No, says the Discovery Institute’s Center for the Renewal of Science and Culture’s resident attack Chihuahua Casey Luskin (and, yes, I’m stealing that John), who reports that he was recently confronted with this question at a talk he had given:
Last month I spoke at the University of Arkansas, and during the Q&A, a skeptic complained that ID theory lacks a “mechanism.” I explained that intelligent agency itself functions in that role, serving as a known cause / mechanism which produces high levels of complex and specified information (CSI).
[Snip a bunch of slides with various quotes from Luskin’s fellow Discoveroid (stealing that too) Stephen Meyer that don’t add anything to this discussion.]
[…] Intelligent agency, therefore, is a mechanism which we can observe and understand in the world around us, and from those observations we know it alone is capable of producing high CSI. But the skeptic wasn’t satisfied with this argument. He insisted what ID lacks is a mechanism that, at the direction of an intelligent agent, could be capable of instantiating information, or design, in the real world.
And this unnamed skeptic was correct. Intelligent design creationists prattle on endlessly about “complex specified information” in nature and how they think that “an intelligence” is required to explain it but they never explain how this “CSI” gets from the mind of their “designer” (wink, wink) to the features of the natural world it is supposedly intended to explain. In other words, even if we were to grant their source of “CSI” they’ve got nothing to offer on where the rubber actually hits the road.
As we spoke after the talk, I asked him, “Why should it be so hard to believe that intelligent agents can implement their designs in the real world? After all, we see intelligent agents manipulating the information in DNA all the time.”
Yes we do Casey. Intelligent agents who are physical beings with physical brains, physically manipulating physical DNA with physical tools.
As the skeptic was a philosopher, he was apparently unaware of the burgeoning field of genetic engineering, where biologists manipulate the information in DNA to produce new biological functions. Unfortunately, this hardened ID critic was probably still not convinced after I explained that it’s easy to believe intelligent agents might have ways of implementing their designs in the natural world — since we see it happening, reported in the scientific literature on a regular basis. This new research discussed in Nature News shows exactly how intelligent agents can manipulate information in DNA to create new structures and functions. There is no reason, in principle, why an intelligent agency must lack a mechanism for implementing designs in the natural world.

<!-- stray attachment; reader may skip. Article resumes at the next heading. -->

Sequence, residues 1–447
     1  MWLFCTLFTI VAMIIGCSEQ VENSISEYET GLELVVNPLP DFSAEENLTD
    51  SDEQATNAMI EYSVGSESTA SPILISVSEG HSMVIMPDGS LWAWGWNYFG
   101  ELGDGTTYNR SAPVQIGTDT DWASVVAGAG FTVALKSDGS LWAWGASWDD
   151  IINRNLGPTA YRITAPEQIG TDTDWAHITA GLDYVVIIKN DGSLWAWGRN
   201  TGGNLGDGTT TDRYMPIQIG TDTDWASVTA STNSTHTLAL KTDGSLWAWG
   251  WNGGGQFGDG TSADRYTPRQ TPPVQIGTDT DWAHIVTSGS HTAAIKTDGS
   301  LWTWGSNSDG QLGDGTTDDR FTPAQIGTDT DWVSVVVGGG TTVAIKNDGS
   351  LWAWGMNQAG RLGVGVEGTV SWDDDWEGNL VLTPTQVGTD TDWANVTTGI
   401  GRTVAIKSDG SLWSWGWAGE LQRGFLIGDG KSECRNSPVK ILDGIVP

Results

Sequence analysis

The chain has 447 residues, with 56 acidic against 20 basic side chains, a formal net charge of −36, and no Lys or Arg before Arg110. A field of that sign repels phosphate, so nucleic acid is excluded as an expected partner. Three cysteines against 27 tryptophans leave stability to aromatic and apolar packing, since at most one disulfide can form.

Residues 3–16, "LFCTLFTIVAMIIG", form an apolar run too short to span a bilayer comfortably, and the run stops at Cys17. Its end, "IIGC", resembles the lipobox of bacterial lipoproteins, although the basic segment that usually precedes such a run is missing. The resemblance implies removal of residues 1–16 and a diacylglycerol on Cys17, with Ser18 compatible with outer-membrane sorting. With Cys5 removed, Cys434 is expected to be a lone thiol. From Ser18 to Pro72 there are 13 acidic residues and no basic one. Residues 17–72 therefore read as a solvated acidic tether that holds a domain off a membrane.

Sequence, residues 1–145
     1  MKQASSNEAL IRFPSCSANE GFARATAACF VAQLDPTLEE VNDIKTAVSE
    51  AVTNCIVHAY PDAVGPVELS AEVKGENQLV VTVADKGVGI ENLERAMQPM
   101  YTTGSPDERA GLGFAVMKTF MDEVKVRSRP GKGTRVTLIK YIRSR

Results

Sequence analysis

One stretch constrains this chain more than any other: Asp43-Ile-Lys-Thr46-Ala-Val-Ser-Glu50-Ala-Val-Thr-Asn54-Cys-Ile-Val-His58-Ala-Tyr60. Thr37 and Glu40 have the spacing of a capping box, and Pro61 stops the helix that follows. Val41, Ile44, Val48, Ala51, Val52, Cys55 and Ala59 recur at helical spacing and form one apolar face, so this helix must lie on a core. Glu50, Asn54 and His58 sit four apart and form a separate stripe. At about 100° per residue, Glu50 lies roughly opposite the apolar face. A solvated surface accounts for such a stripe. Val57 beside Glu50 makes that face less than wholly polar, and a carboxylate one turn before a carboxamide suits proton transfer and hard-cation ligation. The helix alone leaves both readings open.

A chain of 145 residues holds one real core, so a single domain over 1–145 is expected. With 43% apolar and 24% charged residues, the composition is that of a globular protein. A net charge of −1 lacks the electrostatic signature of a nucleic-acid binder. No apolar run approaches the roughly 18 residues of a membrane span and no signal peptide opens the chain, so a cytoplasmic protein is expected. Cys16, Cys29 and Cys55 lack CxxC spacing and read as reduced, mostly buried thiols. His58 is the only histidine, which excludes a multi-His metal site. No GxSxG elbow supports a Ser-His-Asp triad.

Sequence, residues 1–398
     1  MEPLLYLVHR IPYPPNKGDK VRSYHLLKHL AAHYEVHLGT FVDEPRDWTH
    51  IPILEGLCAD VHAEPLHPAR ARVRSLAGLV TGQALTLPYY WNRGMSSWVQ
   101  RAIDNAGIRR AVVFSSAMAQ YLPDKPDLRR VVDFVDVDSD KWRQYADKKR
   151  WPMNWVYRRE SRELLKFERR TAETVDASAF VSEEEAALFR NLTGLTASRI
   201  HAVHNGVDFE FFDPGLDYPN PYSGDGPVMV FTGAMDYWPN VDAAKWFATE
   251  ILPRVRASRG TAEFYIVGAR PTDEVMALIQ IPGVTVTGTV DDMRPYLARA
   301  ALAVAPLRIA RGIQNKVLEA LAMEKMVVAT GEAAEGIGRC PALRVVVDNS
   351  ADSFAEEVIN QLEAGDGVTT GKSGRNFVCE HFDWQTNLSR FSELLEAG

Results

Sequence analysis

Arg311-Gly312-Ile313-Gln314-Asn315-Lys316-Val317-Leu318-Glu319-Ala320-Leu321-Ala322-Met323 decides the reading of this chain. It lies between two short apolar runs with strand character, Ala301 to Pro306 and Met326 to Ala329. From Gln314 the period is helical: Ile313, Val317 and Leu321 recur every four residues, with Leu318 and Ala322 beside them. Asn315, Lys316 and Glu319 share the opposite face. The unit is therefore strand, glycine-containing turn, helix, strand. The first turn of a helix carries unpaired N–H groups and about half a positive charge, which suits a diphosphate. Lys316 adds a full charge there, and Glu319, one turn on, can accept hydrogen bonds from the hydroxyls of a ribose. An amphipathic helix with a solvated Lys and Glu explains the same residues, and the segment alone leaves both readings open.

And if we ask these physical genetic engineers what mechanisms they use to manipulate physical DNA they won’t respond by merely pointing out that they are intelligent agents and that that fact should tell you all you need to know about the process.
This is the same fallacy that ID creationists engage in when they liken their ideas to the SETI (Search of Extra Terrestrial Intelligence) program. “SETI is looking for signs of intelligence” they say, “we’re doing the same thing.”. But just as with the genetic engineers we are talking about physical ET’s, ostensibly with physical transmitters, sending out signals propagated via some part of physical electromagnetic spectrum.
The reason for all this obtuse deflection about genetic engineers (and aliens) and tedious repetition about “CSI” is that the actual answer to the question of what the mechanism for intelligent design is that it is magic.
Their “intelligent designer” is God (everyone knows this); and God implemented his designs through unknowable miraculous means, end of story.
However, if they were to divulge this they know would lose their pretense of doing science and would be admitting to the fact that what they are actually engaging in is apologetics.
Luskin, Casey (1012) “Responding to the Challenge that Intelligent Design Lacks a “Mechanism”“, evolutionnews.org (blog) downloaded on 5-27-2012
[Hat tip to The Sensuous Curmudgeon.]